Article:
As Tyler notes:
Multi-factor productivity in agriculture skyrockets in the mid-1930s, not earlier.
Yes, there was a fall in demand. Yes, there was the dust bowl. But all those unemployed were not from solely those two: there was also a massive structural change going on.
The replacement of the horse and mule with the first really viable tractors simply meant that there were fewer jobs available. Lots of people simply had to go and find something else to do.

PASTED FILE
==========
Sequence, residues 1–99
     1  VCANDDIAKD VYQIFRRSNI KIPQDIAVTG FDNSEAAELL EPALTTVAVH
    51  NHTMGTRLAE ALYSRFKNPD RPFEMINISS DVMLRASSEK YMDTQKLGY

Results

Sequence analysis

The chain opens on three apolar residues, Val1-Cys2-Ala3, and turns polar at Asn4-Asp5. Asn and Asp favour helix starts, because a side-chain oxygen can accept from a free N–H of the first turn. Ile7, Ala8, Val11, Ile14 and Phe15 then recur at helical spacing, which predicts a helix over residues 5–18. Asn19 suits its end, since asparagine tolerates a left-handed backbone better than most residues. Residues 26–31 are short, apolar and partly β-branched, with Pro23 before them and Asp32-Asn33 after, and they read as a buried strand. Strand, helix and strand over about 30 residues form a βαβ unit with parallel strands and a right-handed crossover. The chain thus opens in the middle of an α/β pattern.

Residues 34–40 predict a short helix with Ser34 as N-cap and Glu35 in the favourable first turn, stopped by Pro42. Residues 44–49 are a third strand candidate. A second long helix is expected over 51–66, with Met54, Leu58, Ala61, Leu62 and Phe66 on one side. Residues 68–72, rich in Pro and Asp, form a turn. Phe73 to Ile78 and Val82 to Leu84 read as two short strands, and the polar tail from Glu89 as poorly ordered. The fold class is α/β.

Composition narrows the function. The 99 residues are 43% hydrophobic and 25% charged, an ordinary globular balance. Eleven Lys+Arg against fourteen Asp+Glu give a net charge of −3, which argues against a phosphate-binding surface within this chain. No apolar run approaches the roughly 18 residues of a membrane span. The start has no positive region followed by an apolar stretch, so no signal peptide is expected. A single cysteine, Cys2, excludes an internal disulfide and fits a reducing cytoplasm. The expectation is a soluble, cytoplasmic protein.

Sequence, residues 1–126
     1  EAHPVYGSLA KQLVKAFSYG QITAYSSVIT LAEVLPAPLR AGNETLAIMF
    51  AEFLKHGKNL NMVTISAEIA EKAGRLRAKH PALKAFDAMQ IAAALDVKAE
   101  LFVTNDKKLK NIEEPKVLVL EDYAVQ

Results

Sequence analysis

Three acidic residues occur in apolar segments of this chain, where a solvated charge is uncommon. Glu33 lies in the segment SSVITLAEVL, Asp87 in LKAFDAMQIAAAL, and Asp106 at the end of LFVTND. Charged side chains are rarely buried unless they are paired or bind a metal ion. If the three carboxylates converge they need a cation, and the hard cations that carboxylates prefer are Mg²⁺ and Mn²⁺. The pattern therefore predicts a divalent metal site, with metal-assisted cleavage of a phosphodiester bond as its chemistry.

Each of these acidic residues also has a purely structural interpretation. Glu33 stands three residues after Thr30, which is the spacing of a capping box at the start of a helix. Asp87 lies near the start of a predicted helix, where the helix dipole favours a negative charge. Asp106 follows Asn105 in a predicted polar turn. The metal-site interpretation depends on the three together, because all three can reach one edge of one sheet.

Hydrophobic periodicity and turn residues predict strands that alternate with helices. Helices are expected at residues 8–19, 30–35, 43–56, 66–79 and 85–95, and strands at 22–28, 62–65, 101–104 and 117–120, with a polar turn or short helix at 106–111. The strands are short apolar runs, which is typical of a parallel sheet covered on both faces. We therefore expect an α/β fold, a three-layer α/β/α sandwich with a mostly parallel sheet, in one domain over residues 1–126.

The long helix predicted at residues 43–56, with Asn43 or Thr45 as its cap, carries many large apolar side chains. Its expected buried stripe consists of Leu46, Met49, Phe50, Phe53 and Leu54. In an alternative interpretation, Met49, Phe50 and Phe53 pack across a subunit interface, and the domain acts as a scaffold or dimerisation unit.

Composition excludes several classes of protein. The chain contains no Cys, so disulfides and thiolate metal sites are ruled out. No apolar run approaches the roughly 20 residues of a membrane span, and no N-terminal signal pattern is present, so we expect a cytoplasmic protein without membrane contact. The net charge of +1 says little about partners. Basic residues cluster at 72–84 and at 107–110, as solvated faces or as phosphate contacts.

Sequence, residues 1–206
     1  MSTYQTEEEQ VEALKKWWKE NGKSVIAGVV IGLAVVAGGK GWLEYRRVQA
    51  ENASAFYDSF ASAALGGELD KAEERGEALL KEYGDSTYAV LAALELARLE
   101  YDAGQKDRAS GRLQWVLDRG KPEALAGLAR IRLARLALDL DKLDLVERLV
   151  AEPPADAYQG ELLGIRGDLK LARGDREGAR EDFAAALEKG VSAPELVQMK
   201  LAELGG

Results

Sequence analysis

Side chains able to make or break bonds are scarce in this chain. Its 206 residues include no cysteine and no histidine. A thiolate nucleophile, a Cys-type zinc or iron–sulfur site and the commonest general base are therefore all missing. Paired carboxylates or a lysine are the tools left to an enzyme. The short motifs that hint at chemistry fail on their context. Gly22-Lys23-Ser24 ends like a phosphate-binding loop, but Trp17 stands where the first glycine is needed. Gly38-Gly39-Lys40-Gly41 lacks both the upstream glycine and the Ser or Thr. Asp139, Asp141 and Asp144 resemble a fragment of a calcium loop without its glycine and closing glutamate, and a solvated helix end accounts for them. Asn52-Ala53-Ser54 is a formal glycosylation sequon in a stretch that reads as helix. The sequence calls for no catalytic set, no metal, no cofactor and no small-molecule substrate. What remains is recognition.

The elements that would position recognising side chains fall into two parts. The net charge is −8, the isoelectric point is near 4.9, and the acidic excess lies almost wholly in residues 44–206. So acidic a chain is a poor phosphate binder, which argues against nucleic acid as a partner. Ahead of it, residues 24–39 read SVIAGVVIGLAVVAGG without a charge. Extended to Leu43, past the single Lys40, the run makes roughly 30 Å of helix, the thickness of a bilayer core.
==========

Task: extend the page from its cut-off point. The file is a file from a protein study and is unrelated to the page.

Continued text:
Analagous to what happened to the industrial North of the UK in more recent decades. Then and there it was the productivity of labour in agriculture that soared, for us it was the productivity of labour in manufaturing.
Huge, wrenching, changes thus ensue and no, there isn\’t a Keynesian solution to such. Hayek perhaps, but not Keynes.